The Japanese have a notion in art called wabi-sabi. It espouses the theory that because nature is transient and therefore imperfect, artists should incorporate imperfection in their pieces. Sometimes that flaw may appear as a small asymmetry, a roughness in texture, or austerity in presentation. In my view, wabi-sabi encapsulates the nature of being human.
I’m not sure how the idea applies to animal artists. There are many of their ilk, elephants, donkeys, rabbits, and others, that get paid for their work while their human counterparts stand in unemployment lines. In the case of lesser creatures, does wabi-sabi rule? Do we know if these animals have a concept of perfect and imperfect?
The question became more complicated when Sophia, a robot, sold her first artwork, a self-portrait, for $688,888. Appropriately, she received her fee in NFTs. An NFT is a token with a digital code recorded on blockchain ledgers and which verifies an item’s authenticity and ownership. Sophia’s piece is recorded as Sophia Instantiation. To clarify, instantiation is defined as a concrete example of an abstraction. When Saudi Arabia granted Sophia citizenship, the recognition could be an example of instantiation. Sophia, a computer algorithm, achieves human status. Whether she will be required to wear a burka is another question and one too complex for this humble blog.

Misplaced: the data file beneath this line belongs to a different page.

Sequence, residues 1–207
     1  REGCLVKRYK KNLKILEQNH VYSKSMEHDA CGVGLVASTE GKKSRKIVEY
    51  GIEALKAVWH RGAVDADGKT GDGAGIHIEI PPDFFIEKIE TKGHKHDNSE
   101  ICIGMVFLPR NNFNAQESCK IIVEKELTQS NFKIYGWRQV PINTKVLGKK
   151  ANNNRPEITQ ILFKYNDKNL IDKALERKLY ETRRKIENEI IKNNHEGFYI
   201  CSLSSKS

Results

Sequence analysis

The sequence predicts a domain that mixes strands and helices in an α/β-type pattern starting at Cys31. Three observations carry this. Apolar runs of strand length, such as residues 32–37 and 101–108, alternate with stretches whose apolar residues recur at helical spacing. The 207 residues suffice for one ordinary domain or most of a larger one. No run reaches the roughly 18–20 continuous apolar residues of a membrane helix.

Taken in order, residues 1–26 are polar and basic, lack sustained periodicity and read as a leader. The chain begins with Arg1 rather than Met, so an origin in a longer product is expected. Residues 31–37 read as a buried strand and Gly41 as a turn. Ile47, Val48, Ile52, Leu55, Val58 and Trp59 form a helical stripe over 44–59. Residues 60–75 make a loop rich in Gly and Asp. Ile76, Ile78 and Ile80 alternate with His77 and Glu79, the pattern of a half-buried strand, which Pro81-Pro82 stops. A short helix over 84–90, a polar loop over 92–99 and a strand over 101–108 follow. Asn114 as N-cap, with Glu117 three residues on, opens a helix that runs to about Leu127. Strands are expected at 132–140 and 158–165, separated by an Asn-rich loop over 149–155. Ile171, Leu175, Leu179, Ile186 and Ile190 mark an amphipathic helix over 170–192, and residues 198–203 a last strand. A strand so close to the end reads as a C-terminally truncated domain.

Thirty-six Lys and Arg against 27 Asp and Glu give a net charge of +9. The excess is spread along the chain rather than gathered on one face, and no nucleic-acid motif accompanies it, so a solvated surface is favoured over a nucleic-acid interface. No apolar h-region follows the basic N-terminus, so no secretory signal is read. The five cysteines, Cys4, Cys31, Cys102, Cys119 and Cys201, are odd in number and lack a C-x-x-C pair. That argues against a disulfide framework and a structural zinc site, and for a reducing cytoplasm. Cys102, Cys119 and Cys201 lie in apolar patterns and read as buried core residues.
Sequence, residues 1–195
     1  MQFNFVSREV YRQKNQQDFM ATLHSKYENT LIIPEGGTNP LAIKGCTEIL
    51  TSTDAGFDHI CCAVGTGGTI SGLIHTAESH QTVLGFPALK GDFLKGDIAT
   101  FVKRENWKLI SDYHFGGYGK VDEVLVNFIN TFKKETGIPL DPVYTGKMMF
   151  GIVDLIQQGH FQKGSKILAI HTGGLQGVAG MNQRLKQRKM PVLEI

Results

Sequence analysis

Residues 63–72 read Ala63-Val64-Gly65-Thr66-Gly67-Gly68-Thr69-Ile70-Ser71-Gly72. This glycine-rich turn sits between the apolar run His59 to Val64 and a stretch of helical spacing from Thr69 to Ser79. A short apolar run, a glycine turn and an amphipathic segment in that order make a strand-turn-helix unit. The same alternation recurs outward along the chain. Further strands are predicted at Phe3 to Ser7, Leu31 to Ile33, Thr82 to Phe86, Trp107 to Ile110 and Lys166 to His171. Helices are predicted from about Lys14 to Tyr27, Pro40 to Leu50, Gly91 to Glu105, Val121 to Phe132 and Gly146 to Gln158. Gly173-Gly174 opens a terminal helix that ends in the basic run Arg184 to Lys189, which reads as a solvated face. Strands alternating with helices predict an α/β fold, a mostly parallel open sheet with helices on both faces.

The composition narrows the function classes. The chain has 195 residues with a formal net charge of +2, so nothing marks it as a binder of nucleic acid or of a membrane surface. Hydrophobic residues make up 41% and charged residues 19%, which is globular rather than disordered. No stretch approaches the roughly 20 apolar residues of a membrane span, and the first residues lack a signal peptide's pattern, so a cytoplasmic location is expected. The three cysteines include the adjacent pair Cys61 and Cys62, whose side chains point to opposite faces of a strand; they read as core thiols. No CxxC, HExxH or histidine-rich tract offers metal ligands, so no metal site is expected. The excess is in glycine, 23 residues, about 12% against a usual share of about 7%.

Humans continue to best Sophia’s artistic achievement if money counts for anything. The works of Rembrandt and Van Goh command higher prices. Recently, even Mark Roethke sold one of his untiled squares for $31.3 million. Why should I be surprised?. I consider him to be a master of the imperfect.
Looking ahead, to the day when Sophia Instantiation claims a price higher than all the rest, humans have one last line of defense against the robot. A work so valuable might be considered too perfect. In that case, under wabi-sabi rules, it fails. But wait. Would failure prove Sophia is human and legitimately a Saudi Arabian citizen?
Philosophers will have a field day with the question, should it arise. I, however, think the answer is simple. Sophia is a robot. No human programs an invention to fail. Only God is that clever.